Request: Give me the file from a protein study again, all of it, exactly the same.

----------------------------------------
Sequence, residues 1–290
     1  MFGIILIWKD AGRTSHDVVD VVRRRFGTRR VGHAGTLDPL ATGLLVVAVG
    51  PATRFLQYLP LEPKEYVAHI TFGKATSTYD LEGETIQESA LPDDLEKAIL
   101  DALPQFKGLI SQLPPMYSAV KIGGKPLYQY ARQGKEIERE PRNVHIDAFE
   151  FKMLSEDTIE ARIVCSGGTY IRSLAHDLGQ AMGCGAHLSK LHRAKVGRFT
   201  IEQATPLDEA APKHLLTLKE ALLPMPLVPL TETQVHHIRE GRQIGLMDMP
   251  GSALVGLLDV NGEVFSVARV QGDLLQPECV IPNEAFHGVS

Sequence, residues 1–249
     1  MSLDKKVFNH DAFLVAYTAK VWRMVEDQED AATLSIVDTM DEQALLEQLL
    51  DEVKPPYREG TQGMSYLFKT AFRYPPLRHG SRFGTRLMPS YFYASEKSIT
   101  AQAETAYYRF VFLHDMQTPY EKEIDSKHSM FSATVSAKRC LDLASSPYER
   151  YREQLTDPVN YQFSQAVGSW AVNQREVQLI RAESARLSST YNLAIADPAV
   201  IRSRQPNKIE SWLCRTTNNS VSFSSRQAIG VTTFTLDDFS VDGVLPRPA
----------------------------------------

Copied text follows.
Sequence, residues 1–290
     1  MFGIILIWKD AGRTSHDVVD VVRRRFGTRR VGHAGTLDPL ATGLLVVAVG
    51  PATRFLQYLP LEPKEYVAHI TFGKATSTYD LEGETIQESA LPDDLEKAIL
   101  DALPQFKGLI SQLPPMYSAV KIGGKPLYQY ARQGKEIERE PRNVHIDAFE
   151  FKMLSEDTIE ARIVCSGGTY IRSLAHDLGQ AMGCGAHLSK LHRAKVGRFT
   201  IEQATPLDEA APKHLLTLKE ALLPMPLVPL TETQVHHIRE GRQIGLMDMP
   251  GSALVGLLDV NGEVFSVARV QGDLLQPECV IPNEAFHGVS

Sequence, residues 1–249
     1  MSLDKKVFNH DAFLVAYTAK VWRMVEDQED AATLSIVDTM DEQALLEQLL
    51  DEVKPPYREG TQGMSYLFKT AFRYPPLRHG SRFGTRLMPS YFYASEKSIT
   101  AQAETAYYRF VFLHDMQTPY EKEIDSKHSM FSATVSAKRC LDLASSPYER
   151  YREQLTDPVN YQFSQAVGSW AVNQREVQLI RAESARLSST YNLAIADPAV
   201  IRSRQPNKIE SWLCRTTNNS VSFSSRQAIG VTTFTLDDFS VDGVLPRPA